CSIRO in South Australia found stubble retention resulted in an average annual input to the soil of 20 kilograms of nitrogen per hectare. This free nitrogen was found to be the contribution of free-living nitrogen-fixing bacteria, which built up on the decomposing plant residues, saving farmers thousands in fertilizer costs.[7]

2/3 of the earth is desertifying. To keep up with demand for global food, 6 million hectares extra is needed extra per year. Instead, 12 million hectares is being degraded. [8]

Will No-til reduce profits to farmers?

No. Alberta Reduced Tillage project produced a 135 page report detailing the effects of zero till over the previous 15 years:

Yield improvement:

  • wheat up 3.5 percent,
  • barley up 6.2 percent,
  • flax up 7.9 percent,
  • peas up 4.6 percent and
  • lentils up 13 percent.

Net returns: on

  • wheat – 30% higher and on
  • peas 25% higher.
  • 5% higher, (due to a 14 percent increase in fertilizer costs).

Labour Costs:

  • Labour in no till = 5 ave. field passes
  • Min till = 5.8 ave. field passes
  • Conventional till = 5 ave. field passes.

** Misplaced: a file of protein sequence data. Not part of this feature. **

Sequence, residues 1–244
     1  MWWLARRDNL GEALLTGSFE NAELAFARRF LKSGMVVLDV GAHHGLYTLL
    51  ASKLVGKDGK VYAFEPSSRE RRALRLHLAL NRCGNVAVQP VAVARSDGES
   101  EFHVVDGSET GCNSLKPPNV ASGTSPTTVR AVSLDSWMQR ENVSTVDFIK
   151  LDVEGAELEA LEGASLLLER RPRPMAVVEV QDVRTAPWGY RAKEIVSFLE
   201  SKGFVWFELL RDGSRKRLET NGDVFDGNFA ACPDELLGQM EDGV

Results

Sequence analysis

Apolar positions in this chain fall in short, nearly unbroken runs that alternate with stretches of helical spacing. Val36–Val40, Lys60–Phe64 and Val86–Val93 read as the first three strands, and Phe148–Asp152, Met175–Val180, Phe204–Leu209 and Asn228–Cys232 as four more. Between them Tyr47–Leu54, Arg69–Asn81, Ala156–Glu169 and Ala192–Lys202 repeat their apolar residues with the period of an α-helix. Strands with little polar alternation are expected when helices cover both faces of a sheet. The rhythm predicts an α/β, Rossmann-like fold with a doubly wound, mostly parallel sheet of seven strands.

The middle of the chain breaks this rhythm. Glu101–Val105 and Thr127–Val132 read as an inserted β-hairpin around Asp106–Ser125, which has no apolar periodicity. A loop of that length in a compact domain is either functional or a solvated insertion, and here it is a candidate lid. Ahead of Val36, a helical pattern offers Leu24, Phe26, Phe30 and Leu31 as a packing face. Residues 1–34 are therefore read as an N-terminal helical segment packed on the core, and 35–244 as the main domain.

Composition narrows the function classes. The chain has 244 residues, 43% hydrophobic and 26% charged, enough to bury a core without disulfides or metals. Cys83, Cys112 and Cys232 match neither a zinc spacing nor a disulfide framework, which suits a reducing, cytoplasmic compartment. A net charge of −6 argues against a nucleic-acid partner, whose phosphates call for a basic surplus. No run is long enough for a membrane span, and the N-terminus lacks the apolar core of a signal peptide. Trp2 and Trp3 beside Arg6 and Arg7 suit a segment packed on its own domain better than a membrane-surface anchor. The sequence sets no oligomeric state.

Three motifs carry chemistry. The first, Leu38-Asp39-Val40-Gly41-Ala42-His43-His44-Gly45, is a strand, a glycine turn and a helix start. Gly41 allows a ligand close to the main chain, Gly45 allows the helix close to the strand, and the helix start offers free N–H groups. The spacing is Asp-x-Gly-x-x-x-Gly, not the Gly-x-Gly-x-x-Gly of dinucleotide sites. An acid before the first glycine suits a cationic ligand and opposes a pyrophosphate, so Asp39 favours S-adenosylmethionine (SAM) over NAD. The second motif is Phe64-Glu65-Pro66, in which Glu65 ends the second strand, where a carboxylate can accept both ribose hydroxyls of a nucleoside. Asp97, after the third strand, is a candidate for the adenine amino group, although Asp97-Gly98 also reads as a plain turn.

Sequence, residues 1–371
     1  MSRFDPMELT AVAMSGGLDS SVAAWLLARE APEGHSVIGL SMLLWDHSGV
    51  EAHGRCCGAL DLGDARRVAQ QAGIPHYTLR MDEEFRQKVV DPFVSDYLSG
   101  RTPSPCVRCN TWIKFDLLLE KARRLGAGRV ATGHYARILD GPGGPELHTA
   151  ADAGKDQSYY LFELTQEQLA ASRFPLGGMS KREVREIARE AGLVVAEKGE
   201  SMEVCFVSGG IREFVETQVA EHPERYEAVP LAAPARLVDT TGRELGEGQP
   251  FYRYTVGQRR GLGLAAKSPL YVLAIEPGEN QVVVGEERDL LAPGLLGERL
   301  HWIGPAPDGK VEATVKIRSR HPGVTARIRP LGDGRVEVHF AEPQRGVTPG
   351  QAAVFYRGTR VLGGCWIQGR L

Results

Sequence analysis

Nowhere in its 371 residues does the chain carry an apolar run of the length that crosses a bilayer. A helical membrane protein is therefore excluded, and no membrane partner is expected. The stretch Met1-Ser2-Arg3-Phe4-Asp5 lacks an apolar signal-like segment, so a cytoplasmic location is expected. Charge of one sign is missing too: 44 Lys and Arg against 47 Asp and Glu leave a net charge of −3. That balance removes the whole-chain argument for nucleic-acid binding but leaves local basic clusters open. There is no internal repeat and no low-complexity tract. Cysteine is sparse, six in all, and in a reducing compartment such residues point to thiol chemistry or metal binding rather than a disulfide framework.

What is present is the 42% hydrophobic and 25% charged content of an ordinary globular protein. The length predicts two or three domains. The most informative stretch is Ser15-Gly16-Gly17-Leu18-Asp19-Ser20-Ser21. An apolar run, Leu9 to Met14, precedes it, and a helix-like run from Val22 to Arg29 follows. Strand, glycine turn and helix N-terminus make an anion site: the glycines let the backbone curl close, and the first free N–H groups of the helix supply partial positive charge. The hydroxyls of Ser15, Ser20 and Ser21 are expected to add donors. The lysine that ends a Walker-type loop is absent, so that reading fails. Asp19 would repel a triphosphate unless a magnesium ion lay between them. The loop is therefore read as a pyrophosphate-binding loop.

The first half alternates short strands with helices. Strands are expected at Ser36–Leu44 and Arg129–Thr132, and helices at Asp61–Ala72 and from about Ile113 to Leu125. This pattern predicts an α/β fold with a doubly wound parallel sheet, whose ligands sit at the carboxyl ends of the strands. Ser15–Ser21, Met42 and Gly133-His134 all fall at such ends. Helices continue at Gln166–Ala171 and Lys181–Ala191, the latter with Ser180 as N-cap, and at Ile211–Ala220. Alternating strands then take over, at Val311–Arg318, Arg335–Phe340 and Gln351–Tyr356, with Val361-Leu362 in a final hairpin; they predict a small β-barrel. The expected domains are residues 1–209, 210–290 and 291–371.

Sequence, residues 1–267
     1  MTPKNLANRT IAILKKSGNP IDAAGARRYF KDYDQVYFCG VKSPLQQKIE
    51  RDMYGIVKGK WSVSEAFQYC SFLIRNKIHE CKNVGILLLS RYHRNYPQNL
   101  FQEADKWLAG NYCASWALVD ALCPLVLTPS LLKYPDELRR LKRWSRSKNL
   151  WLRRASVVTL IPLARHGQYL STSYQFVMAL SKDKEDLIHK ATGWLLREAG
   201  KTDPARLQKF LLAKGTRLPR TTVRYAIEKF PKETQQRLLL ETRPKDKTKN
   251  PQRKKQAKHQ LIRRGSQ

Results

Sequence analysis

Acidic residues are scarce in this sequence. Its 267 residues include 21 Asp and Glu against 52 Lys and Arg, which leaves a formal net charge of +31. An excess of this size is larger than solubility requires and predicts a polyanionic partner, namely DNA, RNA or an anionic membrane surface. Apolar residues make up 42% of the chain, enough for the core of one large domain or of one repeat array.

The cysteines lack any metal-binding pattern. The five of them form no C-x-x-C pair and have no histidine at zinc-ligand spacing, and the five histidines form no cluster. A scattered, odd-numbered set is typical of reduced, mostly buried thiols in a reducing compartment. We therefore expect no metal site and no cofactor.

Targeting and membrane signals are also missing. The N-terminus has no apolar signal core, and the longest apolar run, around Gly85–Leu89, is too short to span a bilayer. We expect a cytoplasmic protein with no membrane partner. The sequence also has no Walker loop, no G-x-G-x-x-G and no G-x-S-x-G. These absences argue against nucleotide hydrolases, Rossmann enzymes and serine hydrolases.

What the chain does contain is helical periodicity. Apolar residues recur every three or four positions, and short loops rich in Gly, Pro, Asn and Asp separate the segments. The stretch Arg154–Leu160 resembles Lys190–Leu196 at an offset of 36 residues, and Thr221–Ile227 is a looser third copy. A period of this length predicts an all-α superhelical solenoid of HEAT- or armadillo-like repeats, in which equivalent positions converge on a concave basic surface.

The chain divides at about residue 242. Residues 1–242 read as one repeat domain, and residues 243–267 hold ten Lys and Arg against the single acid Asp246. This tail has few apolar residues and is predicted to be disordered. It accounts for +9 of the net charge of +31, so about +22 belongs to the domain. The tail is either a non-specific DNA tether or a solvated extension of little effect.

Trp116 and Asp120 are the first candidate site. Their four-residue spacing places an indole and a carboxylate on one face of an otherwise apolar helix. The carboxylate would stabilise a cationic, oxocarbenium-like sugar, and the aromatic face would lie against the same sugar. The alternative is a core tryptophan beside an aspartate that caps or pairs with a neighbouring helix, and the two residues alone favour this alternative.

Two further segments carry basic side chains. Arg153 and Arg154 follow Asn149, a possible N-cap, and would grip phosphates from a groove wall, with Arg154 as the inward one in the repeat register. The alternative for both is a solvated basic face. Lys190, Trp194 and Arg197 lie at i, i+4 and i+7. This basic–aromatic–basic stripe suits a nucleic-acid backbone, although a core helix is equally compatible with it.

Fuel savings:

  • wheat = 0.9 gallons per acre.
  • Flax = 04 gallons per acre.
  • Zero till = 1.2 gallons per acre.
  • Seeding wheat into fallow = 1 gallons per acre.

Alberta herbicide use in conventional Vs No-Til: No Difference. Considering the billions farmers spend on pouring deadly chemicals on their soil, let me repeat this. No. Difference.

Saskatchewan herbicide use: slightly higher in zero till. This may mean that farmers are being cautious by using more, or it could mean more weeds. Personally, I’m more worried about the health of the farmers handling the chemicals.

One example from Canada:

Ten years ago, Halford Farms bought the adjacent field, which had been under conventional tillage for more than a century. Halford could then conduct side-by-side trials comparing the conventional field to a field in zero till for 20 years.

Both fields received the same no-till management and crop inputs. Halford said the trial proved that long-term zero till reduces dependence on commercial fertilizer.

“We produced 43 bushels per acre of 14.5 percent protein wheat on our long-term no till fields.

“Those previously conventional tilled fields yielded only 23 bushels per acre of 13 percent wheat, with the exact same inputs and management.”[9]

Environmental benefits:

  1. Cleaner waterways: Zero till allows better water infiltration into the soil. Organic build-up will reduce sediment, nutrients and bacteria flowing into waterways by 60 to 90 percent, especially phosphorous runoff, which is the cause of the massive algal blooms killing millions of fish.